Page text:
We are here, chez nous a Mirabel. Here is the story of our first day.
Day 1. After sleeping for 12 hours from long plane ride from Dayton, Chicago, Munich, Marseille and the hour and a half drive to Mirabel, we headed out to Nyons to do some food shopping at the Intermarche.
On the way, we checked to see if our favorite wine cave was open. We had bought some wine from them last year on day two or three and never found them open again for the rest of our three weeks!
Amazingly enough, six months later, we found the wine (Constant Duquesnoy) at the small wine store in Studio City when we were visiting Lia.
And luckily enough, today they were open. We went in, had a lovely conversation in English/French with the owner, who coincidently was preparing a large shipment of wine to his distributor in California! There was only one case of white left, which we bought. Amazing.
Because we started out so late, we actually arrived in Nyons in time to have lunch in one of our favorite restaurants – father in front, mother/chef in back, daughter and grandmere eating lunch along with the customers. And we noticed how much the little girl has grown since last year!
It was market day in Nyons (which we missed), so the restaurant was crowded and we got the last table. The restaurant is small with an interesting menu (formula) that allows you to choose whether you want your plat served a la francaise ou a la asia. The wife/chef is Japanese.
Restaurants in France are open at set times and ONLY those set times. Lunch is usually 12-2. If you are hungry at 2:15, you are out of luck. So we plan accordingly.
We did our supermarket shopping and headed home. I am hoping to do much more cooking here than the last time and will buy my meat and poultry at the boucherie which is around the corner from our house.
We will eat leftover sandwiches and a salad for dinner tonight and have a day out tomorrow in Vinsobres, the neighboring town, home of 17 vineyards. Our goal is to go to every single one!
Here is a photo of the boulangerie where we buy our daily bread. The small street to the right is rue General de Gaulle, where our house is located.
Day 2. It is Friday, which means market day in Mirabel. I am hoping to be able to manage well enough to buy some fish and some beef for a daube (stew). And I need some other things.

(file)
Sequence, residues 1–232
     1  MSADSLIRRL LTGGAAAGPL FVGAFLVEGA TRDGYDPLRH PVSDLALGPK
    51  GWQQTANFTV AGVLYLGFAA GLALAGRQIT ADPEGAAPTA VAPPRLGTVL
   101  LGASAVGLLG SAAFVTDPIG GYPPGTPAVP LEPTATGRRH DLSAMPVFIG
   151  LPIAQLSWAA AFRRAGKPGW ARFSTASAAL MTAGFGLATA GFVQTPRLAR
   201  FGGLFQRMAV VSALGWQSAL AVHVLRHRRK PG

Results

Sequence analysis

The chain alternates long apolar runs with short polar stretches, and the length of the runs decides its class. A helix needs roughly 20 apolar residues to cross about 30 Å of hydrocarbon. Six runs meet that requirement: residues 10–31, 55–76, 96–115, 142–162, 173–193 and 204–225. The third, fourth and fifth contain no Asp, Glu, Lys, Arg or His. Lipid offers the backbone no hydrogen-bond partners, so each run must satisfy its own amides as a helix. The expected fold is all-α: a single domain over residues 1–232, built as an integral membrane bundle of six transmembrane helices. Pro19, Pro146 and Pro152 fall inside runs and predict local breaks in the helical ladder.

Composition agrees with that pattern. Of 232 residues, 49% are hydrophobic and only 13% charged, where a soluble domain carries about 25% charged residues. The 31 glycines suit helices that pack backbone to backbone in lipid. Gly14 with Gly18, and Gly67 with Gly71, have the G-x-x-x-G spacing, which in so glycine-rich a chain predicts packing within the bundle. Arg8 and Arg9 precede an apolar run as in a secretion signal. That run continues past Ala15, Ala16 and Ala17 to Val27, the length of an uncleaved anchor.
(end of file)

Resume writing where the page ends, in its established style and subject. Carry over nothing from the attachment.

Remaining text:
All this involves going to the fish truck at the outdoor market, trying to figure out what fish is what, then going to the butchers and asking for “boeuf pour une daube” and then going to the epicerie (grocers) and picking out what else I need (apples, an orange, some heavy cream, etc.)
All in French (and kilos).
But, it is a beautiful sunny day and off I go. First to the market and the fish vendor. This fish vendor is rather famous and not sure why he comes to this very small market here in Mirabel. There are two chevre (goat cheese) stands, one person who sells samosas(!), the vegetable person, and that’s it.
But the fish vendor is there and I recognize most of the fish. Tempted to buy mussels, but I have never cooked them, so I settle for some filet of sole. I will cook it for lunch today along with the endives and some rice from the Camargue. The Camargue is on the Mediterranean and is famous for its rice. I don’t think I have had any of this kind of rice since I was here in 1964!
I also stopped in the boucherie (butchers). The wife was behind the counter and I asked for boeuf pour une daube in French. She immediately knew what I wanted, and cut the beef into pieces. Then I asked about the terrines – trying to find out what they were made from. One was duck with pistache, which I bought.
Then she and I had a short conversation about speaking English and French. She told me that she speaks French and English with a “Provencal” accent. I said, in French, that I speak French with an accent “Etats Unis”. She then told me that her 9 year old daughter was learning English and Provencal in school!
Provencal is the ancient language of this area, mostly French, but with some Italian and Spanish kinds of sounds and spellings. They are trying to revive it – you can see street signs written in French and Provencal, but I didn’t know that they were actually teaching it in school.
So, practical tasks accomplished and a real conversation in French!
I also notice that the receipt I received from the butcher is in Euros, but at the bottom, it tells me how much it cost in Francs and actually gives the exchange rate (1 euro = 6.559 Francs). What is this? Has it always been this way? Is it something to do with the fact that the Euro is having some challenges and the French are going back to the Franc?